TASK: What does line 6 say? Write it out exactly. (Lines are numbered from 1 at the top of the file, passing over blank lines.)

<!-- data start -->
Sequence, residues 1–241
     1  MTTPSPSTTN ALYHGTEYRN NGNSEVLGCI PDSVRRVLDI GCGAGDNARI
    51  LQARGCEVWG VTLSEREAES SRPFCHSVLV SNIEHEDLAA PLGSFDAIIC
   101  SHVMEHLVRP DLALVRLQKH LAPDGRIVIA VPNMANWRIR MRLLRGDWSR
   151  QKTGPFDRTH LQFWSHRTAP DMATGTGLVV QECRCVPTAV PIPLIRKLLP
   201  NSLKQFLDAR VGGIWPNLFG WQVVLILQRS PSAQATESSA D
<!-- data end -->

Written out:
   201  NSLKQFLDAR VGGIWPNLFG WQVVLILQRS PSAQATESSA D